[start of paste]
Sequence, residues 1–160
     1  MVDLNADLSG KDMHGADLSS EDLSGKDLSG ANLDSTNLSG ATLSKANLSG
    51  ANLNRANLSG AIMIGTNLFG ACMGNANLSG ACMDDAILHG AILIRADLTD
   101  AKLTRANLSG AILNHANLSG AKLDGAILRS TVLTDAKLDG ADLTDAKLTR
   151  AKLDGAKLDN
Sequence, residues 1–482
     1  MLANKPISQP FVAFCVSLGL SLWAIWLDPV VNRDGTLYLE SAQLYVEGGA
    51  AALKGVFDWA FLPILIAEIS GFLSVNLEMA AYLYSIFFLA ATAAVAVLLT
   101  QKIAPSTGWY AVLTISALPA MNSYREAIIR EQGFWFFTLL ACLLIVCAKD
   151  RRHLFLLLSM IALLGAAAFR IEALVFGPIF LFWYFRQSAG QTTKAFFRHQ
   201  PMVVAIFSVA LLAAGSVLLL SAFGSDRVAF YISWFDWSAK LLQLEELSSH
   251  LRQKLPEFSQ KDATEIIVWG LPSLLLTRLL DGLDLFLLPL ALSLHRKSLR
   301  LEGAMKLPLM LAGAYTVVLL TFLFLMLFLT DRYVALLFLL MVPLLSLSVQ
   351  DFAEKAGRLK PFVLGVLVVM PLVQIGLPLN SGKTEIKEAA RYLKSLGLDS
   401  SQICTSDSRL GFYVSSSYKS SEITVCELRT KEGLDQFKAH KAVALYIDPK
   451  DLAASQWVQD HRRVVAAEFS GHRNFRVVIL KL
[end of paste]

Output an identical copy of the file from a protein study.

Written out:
Sequence, residues 1–160
     1  MVDLNADLSG KDMHGADLSS EDLSGKDLSG ANLDSTNLSG ATLSKANLSG
    51  ANLNRANLSG AIMIGTNLFG ACMGNANLSG ACMDDAILHG AILIRADLTD
   101  AKLTRANLSG AILNHANLSG AKLDGAILRS TVLTDAKLDG ADLTDAKLTR
   151  AKLDGAKLDN
Sequence, residues 1–482
     1  MLANKPISQP FVAFCVSLGL SLWAIWLDPV VNRDGTLYLE SAQLYVEGGA
    51  AALKGVFDWA FLPILIAEIS GFLSVNLEMA AYLYSIFFLA ATAAVAVLLT
   101  QKIAPSTGWY AVLTISALPA MNSYREAIIR EQGFWFFTLL ACLLIVCAKD
   151  RRHLFLLLSM IALLGAAAFR IEALVFGPIF LFWYFRQSAG QTTKAFFRHQ
   201  PMVVAIFSVA LLAAGSVLLL SAFGSDRVAF YISWFDWSAK LLQLEELSSH
   251  LRQKLPEFSQ KDATEIIVWG LPSLLLTRLL DGLDLFLLPL ALSLHRKSLR
   301  LEGAMKLPLM LAGAYTVVLL TFLFLMLFLT DRYVALLFLL MVPLLSLSVQ
   351  DFAEKAGRLK PFVLGVLVVM PLVQIGLPLN SGKTEIKEAA RYLKSLGLDS
   401  SQICTSDSRL GFYVSSSYKS SEITVCELRT KEGLDQFKAH KAVALYIDPK
   451  DLAASQWVQD HRRVVAAEFS GHRNFRVVIL KL